How to Calculate Fertigation Injection Rates for Commercial Blueberry Production (HS1197)

Figure 1.  For a 4-foot irrigated band within an 8-foot row spacing, the area that receives fertigation is half of the total, or "real estate," area. Thus, the actual band area of the farm equals 50% of the farm area. However, all IFAS-recommended fertilizer rates are given on a "real estate" acre basis. The amount of fertilizer to apply is calculated based on the entire area of the blueberry farm, regardless of the width of the band to which the fertilizer is applied. To increase nutrient and water use efficiencies and reduce nutrient leaching and environmental concerns, fertigation is recommended for commercial blueberry production. In fact, successful fertigation can enhance sustainability and maximize profitability for commercial blueberry enterprises. One of the key factors in fertigation is the correct calculation of fertilizer injection rate and time for the acreage. This publication helps blueberry growers correctly calculate fertigation injection rates and times and provides reference tables for checking injection rates and times needed for a variety of production scenarios. This 3-page fact sheet was written by Guodong Liu, Jeffrey Williamson, Gary England, and Alicia Whidden, and published by the UF Department of Horticultural Sciences, March 2012.

Recommendations for Management of Whiteflies, Whitefly-transmitted viruses, and Insecticide Resistance for Production of Cucurbit Crops in Florida (EENY478/IN871)

cross section of watermelon fruit with necrotic areas on rindUntil recently, squash has been the only cucurbit crop seriously affected by the B biotype of the sweetpotato whitefly, also known as the silverleaf whitefly, because of the silverleaf disorder induced by feeding of the immature stages (nymphs). However, three viruses transmitted by the whitefly have been identified in watermelon, muskmelon, and squash in Florida since 2004, making whitefly management a priority for most cucurbits. This 8-page fact sheet details the current UF/IFAS recommendations for managing whitefly-transmitted viruses and for delaying the development of resistance to insecticides in the whitefly vector. Published by the UF Department of Entomology and Nematology, July 2011.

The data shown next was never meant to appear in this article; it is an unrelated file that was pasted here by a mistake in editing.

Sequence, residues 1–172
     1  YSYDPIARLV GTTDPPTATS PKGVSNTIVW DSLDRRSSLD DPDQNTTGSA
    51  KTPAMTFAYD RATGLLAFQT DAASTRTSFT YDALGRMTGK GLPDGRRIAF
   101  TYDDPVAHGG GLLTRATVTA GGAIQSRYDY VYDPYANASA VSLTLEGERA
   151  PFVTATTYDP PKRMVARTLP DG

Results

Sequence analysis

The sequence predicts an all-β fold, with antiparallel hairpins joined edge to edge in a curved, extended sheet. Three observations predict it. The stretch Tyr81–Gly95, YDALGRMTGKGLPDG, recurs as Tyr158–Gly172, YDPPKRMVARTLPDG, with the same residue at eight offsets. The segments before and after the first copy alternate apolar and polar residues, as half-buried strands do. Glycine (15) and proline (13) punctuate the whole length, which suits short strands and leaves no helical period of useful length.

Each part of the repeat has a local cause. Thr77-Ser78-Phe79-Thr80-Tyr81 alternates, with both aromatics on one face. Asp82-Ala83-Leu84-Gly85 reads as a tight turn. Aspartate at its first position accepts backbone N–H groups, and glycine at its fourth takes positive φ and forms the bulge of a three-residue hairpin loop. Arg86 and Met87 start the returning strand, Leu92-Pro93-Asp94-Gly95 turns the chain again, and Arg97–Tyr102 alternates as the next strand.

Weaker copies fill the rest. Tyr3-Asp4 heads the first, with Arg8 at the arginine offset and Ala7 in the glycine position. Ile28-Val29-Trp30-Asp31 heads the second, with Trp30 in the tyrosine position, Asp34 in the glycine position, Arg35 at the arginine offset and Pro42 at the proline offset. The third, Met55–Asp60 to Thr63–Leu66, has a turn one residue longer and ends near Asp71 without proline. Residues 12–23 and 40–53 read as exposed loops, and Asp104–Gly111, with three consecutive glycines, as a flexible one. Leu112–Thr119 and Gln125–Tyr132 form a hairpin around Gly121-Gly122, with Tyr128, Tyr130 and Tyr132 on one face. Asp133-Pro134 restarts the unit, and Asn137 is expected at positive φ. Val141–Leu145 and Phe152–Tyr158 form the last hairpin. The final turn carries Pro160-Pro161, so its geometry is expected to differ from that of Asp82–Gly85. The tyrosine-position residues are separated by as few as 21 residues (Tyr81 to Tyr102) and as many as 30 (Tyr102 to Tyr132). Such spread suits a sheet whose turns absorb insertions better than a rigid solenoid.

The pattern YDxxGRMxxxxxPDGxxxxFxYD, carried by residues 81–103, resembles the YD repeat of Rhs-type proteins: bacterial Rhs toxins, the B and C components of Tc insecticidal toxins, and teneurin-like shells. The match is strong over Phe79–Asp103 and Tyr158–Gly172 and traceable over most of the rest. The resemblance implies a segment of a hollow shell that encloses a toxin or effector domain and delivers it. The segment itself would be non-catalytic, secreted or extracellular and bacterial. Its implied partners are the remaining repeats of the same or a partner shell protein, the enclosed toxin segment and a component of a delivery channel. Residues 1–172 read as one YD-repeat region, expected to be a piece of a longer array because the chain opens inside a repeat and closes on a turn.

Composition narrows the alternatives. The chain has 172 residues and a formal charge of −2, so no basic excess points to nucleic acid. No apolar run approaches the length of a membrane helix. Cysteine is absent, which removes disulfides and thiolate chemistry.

Cultural Practices for Vegetable and Small Fruit Crops: Using Kaolin Clay to Reduce Sprinkler Irrigation for Strawberry Transplant Establishment (HS1188)

Because of the current limitations on water usage for strawberry growers in the Plant City area of Hillsborough County, researchers at the UF/IFAS Gulf Coast Research and Education center have been looking for inexpensive ways to reduce the amount of sprinkler irrigation in strawberry production. This 3-page fact sheet presents research results on the effect of kaolin clay application on sprinkler irrigation volumes applied to newly transplanted strawberries. It was written by Bielinski M. Santos, Teresa P. Salame-Donoso, Craig D. Stanley, Alicia J. Whidden, Crystal A. Snodgrass, and Mary B. Henry, and published by the UF Department of Horticultural Sciences, December 2010.

AE452 Chill Accumulation Monitoring and Forecasting

AE452, a 6-page illustrated fact sheet by Clyde W. Fraisse and Alicia Whidden, introduces a new web-based tool for agricultural producers to track and forecast chill accumulation during the winter season to reduce risks associated with climate variability in the southeastern U.S.A. Includes references. Published by the UF Department of Agricultural and Biological Engineering, January 2010.

HS1156 Review of Nutrient Management Systems for Florida Vegetable Producers

HS1156, a 17-page white paper from the UF/IFAS Vegetable Fertilizer Task Force, identifies differences between actual fertilization practices and UF/IFAS fertilizer recommendations, especially for vegetables grown with subsurface (Central and South Florida) and overhead (Miami-Dade County) irrigation. The recommendations of the VFTF aim at bridging the gaps between science-based results and the diversity in production systems found in the Florida vegetable industry. Includes references. Published by the UF Department of Horticultural Sciences, April 2009.

HS1134/HS385 Characterization of the “Strawberry Dried Calyx Disorder” in Florida and Spain

HS-1134, a 3-page illustrated fact sheet by Bielinski M. Santos, Craig K. Chandler, Alicia J. Whidden, and María del Carmen Sánchez, presents the results of surveys and tests conducted into the nature of this disorder (SDCD) observed in strawberries since 2005 in farms around Plant City Florida and Huelva, Spain. Published by the UF Department of Horticultural Sciences, February 2008.